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Lansdowne Oil market cap halved after poor well results


The Barryroe field off the coast of Cork.

The Barryroe field off the coast of Cork.

The Barryroe field off the coast of Cork.

Irish exploration company Lansdowne Oil and Gas has seen its share price halved since announcing disappointing results from one of its most promising wells.

The company's chief executive, Steve Boldy, has now admitted that Lansdowne is vulnerable to a potential takeover given the slide in its valuation.

The Dublin-based firm has a 20pc stake in the well, which was drilled at the end of July. Its partner on the project, PSE Kinsale Energy, was operating the well and holds the remaining 80pc.

The AIM-listed company said gas was present, but added: "The volumes are not considered commercial [and] the well will be plugged and abandoned."

Shares in the company dived in value almost immediately, falling from 7.26 pence on Thursday to 3.85 pence by close of business in London. The slide continued yesterday, with shares levelling off at about 3.13 pence in late afternoon trading. Lansdowne now has a market capitalisation of just over £5m (€7m). Less than three years ago it had a total value of more than £60m. Mr Boldy said the results were "disappointing" but said the firm still has potential and value in its asset portolio. He said that the company will now look to advance the development of the Barryroe oil field, in which it holds a 20pc share.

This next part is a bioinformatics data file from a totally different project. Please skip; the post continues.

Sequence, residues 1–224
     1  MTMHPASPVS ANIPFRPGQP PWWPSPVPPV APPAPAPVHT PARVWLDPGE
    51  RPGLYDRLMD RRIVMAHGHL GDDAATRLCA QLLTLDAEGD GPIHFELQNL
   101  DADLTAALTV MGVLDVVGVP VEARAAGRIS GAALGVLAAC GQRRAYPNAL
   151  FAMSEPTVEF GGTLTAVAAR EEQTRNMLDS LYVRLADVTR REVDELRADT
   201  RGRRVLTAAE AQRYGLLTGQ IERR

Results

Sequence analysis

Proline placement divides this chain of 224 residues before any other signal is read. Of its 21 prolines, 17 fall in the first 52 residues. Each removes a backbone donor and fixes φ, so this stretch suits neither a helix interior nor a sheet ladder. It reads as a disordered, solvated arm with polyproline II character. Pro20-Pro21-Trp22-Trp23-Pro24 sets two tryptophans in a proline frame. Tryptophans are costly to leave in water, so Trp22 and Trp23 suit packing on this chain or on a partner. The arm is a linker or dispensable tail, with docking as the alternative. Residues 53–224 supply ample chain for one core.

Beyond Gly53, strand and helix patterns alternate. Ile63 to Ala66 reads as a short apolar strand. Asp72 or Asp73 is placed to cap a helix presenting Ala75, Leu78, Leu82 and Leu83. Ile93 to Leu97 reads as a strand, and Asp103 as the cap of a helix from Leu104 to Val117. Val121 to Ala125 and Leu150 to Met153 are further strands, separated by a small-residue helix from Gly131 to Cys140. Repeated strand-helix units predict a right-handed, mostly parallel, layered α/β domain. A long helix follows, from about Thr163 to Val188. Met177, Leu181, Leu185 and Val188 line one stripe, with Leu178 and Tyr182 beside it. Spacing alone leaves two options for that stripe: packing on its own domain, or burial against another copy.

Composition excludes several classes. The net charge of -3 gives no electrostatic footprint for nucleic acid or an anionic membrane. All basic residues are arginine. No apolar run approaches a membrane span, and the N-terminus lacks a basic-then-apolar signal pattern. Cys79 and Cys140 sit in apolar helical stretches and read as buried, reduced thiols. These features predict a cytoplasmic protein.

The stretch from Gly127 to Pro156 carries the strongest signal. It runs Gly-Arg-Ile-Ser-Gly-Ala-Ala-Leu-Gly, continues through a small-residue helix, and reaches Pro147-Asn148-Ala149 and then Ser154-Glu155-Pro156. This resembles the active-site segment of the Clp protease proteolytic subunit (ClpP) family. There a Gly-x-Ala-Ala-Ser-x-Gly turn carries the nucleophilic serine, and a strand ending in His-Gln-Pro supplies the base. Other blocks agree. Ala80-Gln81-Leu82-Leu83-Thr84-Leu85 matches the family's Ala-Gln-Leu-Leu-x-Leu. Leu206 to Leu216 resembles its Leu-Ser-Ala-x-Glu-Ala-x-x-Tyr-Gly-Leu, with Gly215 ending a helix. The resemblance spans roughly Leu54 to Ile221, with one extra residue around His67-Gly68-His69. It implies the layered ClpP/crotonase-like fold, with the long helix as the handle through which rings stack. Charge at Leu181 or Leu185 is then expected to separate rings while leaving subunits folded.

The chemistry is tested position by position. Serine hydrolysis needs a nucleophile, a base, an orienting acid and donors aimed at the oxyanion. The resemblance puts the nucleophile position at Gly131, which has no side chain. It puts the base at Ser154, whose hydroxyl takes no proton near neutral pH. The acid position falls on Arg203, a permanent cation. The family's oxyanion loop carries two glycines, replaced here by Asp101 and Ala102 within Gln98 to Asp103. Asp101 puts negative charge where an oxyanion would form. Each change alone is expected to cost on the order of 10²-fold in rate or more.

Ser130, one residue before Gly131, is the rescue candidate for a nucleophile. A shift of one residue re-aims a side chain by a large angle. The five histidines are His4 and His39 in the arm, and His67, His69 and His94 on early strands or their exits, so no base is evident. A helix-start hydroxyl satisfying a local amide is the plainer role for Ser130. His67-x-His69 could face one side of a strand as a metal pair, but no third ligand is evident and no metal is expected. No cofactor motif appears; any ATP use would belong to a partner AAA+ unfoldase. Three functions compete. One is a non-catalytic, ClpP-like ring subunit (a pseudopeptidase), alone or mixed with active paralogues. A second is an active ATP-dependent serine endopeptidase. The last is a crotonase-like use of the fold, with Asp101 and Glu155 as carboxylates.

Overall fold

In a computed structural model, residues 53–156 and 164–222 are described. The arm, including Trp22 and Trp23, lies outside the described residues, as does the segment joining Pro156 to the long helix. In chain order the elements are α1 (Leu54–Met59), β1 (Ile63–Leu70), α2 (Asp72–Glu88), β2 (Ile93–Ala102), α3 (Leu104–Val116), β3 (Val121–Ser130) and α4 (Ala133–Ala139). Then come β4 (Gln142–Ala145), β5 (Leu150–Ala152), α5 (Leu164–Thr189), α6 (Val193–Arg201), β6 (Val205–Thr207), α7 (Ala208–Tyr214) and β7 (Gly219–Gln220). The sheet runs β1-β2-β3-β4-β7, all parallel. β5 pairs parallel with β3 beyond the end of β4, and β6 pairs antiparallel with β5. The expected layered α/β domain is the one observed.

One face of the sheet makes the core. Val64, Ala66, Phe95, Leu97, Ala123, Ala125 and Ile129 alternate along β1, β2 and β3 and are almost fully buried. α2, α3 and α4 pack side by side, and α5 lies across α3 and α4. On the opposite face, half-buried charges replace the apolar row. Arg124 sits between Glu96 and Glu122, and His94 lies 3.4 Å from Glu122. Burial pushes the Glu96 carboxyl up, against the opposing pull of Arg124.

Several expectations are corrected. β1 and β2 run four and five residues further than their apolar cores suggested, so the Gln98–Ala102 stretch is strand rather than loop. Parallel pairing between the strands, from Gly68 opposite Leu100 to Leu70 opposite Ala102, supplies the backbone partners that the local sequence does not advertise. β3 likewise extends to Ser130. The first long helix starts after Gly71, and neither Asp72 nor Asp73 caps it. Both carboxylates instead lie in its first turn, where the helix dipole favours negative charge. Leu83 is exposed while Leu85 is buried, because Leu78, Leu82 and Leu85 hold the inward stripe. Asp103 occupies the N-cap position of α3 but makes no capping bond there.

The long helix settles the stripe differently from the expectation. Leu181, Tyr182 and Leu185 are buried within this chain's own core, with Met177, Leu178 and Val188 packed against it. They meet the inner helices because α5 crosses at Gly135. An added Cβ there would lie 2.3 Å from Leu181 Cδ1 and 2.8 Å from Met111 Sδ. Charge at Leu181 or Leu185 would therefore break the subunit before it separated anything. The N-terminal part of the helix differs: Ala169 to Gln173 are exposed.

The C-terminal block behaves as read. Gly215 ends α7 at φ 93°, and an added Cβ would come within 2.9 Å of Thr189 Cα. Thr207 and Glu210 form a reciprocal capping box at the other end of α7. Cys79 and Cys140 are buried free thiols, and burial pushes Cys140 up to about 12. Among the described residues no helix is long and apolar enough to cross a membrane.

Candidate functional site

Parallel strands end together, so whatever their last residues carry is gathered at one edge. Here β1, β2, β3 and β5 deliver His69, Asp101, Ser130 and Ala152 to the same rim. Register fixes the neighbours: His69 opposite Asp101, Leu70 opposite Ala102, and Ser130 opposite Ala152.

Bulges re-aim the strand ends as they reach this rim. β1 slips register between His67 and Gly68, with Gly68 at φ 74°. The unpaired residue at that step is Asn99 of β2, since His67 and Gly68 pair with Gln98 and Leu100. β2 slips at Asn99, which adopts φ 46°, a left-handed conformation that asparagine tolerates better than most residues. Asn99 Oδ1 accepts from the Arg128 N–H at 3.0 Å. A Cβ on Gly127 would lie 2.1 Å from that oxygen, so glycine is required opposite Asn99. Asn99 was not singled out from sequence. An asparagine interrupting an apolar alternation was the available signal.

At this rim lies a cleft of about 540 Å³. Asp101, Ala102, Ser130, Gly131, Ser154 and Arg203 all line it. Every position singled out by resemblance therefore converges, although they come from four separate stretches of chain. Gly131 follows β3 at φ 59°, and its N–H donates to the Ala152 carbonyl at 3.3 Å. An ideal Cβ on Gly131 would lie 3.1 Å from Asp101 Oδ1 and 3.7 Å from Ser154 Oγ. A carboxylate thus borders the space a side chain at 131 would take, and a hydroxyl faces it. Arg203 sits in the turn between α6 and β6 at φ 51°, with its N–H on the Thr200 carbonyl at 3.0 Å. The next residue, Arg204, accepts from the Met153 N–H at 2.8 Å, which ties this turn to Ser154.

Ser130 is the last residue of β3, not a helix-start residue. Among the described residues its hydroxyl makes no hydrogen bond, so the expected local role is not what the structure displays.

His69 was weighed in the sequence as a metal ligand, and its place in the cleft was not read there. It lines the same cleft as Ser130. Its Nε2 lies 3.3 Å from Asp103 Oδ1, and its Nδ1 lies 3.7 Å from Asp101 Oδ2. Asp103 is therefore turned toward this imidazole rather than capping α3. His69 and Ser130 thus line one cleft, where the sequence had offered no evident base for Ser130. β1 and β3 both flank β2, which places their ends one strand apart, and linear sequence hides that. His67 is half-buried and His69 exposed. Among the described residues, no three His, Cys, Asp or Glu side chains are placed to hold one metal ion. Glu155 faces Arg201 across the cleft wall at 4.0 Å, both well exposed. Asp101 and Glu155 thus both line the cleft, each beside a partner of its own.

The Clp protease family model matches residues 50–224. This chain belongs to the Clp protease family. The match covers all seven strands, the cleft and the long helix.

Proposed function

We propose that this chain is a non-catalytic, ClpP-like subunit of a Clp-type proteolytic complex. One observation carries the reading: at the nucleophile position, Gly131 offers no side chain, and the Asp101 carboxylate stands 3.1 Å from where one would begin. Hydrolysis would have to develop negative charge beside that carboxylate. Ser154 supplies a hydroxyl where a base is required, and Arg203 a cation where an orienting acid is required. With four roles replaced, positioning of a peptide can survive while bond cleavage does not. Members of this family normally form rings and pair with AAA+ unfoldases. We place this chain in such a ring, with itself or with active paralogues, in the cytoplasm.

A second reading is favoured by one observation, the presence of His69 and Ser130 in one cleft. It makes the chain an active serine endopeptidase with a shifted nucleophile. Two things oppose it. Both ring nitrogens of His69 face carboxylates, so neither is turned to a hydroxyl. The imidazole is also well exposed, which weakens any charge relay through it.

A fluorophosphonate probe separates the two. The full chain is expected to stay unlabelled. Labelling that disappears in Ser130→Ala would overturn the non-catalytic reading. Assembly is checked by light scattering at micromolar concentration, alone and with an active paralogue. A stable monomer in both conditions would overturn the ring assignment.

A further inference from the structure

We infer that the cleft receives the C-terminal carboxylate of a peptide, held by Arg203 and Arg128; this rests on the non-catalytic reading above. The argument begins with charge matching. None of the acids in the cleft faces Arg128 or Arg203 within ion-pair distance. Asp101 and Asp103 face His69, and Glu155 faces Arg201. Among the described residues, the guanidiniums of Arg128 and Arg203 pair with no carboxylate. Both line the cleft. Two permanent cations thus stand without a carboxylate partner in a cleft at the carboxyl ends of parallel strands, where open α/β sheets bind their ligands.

Barryroe, located off the Cork coast, is a potentially valuable site that could hold as much as 300m barrels of recoverable oil. So far the project's operator, Irish firm Providence Resources, has struggled to find a farm-out partner to get it off the ground.

"Barryroe is closer to forward production than our other assets so it has carried most of the value of the company in previous years. [It] is the one that we're looking to advance now, it has become more difficult because of the current environment," Mr Boldy said.

Lansdowne recently announced a strategic review of its business. When asked if the firm's drop in market value makes it vulnerable to a buyout, Mr Boldy said: "I suppose it does. We have some large shareholders and we have to find a way forward for them [so] we won't be available at a knockdown price. If you look at the strategic review, we are looking at all options including a sale."

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